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Ergonomics

Yaar Harari - Department of Industrial Engineering and Management, Ben-Gurion University of the Negev, Beer Sheva, Israel ; Institute of Agricultural Engineering, Agricultural Research Organization, Bet Dagan, Israel.
Raziel Riemer - Department of Industrial Engineering and Management, Ben-Gurion University of the Negev, Beer Sheva, Israel.
Avital Bechar - Department of Industrial Engineering and Management, Ben-Gurion University of the Negev, Beer Sheva, Israel ; Institute of Agricultural Engineering, Agricultural Research Organization, Bet Dagan, Israel.

Shoulder musculoskeletal disorders due to manual material handling tasks are common workplace injuries. Here we investigated the difference in shoulder biomechanics (moments and angles) between a single task of removing a box from a shelf (or depositing a box on a shelf) and the equivalent part of a combined task that consisted of removing, carrying and depositing boxes; that is, a single removing [depositing] task was compared with the removing [depositing] part of a combined task. We found that the peak and cumulative shoulder moments were larger during the single-task paradigm than during the equivalent part of the combined task by 26.3 and 25.5%, respectively. The two paradigms also differed in terms of shoulder angles. It is likely that the main contributors to this overestimation were differences between the single and combined tasks in terms of the lever arm (i.e. horizontal distance), the shoulder angle, and the task duration. Practitioners’ Summary: We investigated shoulder moments during single and combined manual material handling tasks. Shoulder moments were found to be smaller during combined tasks. Practitioners should consider that analysing combined tasks using estimations based on single tasks could result in an overestimation of 26.3 and 25.5% in peak and cumulative shoulder moments, respectively. Abbrevaitions: MSDs: musculoskeletal disorders; MMH: manual material handling; LMM: linear mixed model.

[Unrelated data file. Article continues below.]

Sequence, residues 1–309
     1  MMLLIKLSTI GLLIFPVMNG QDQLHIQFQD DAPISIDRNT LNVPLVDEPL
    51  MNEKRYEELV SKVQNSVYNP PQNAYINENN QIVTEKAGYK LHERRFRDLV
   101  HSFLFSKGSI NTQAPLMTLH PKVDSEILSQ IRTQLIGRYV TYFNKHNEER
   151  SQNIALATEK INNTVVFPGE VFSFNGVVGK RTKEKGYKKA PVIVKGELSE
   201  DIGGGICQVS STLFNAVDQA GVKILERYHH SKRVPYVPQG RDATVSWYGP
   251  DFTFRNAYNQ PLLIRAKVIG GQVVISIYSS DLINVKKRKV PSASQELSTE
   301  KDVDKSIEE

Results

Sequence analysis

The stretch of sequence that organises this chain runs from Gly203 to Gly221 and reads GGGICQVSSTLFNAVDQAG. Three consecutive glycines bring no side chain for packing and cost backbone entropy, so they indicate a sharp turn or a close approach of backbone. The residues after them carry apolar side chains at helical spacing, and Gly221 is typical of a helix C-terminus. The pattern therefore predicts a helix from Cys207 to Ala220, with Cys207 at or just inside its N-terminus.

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תנאי שימוש
Shoulder moments and angles during single and combined manual material handling tasks

Yaar Harari - Department of Industrial Engineering and Management, Ben-Gurion University of the Negev, Beer Sheva, Israel ; Institute of Agricultural Engineering, Agricultural Research Organization, Bet Dagan, Israel.
Raziel Riemer - Department of Industrial Engineering and Management, Ben-Gurion University of the Negev, Beer Sheva, Israel.
Avital Bechar - Department of Industrial Engineering and Management, Ben-Gurion University of the Negev, Beer Sheva, Israel ; Institute of Agricultural Engineering, Agricultural Research Organization, Bet Dagan, Israel.

Shoulder moments and angles during single and combined manual material handling tasks

Shoulder musculoskeletal disorders due to manual material handling tasks are common workplace injuries. Here we investigated the difference in shoulder biomechanics (moments and angles) between a single task of removing a box from a shelf (or depositing a box on a shelf) and the equivalent part of a combined task that consisted of removing, carrying and depositing boxes; that is, a single removing [depositing] task was compared with the removing [depositing] part of a combined task. We found that the peak and cumulative shoulder moments were larger during the single-task paradigm than during the equivalent part of the combined task by 26.3 and 25.5%, respectively. The two paradigms also differed in terms of shoulder angles. It is likely that the main contributors to this overestimation were differences between the single and combined tasks in terms of the lever arm (i.e. horizontal distance), the shoulder angle, and the task duration. Practitioners’ Summary: We investigated shoulder moments during single and combined manual material handling tasks. Shoulder moments were found to be smaller during combined tasks. Practitioners should consider that analysing combined tasks using estimations based on single tasks could result in an overestimation of 26.3 and 25.5% in peak and cumulative shoulder moments, respectively. Abbrevaitions: MSDs: musculoskeletal disorders; MMH: manual material handling; LMM: linear mixed model.

Scientific Publication
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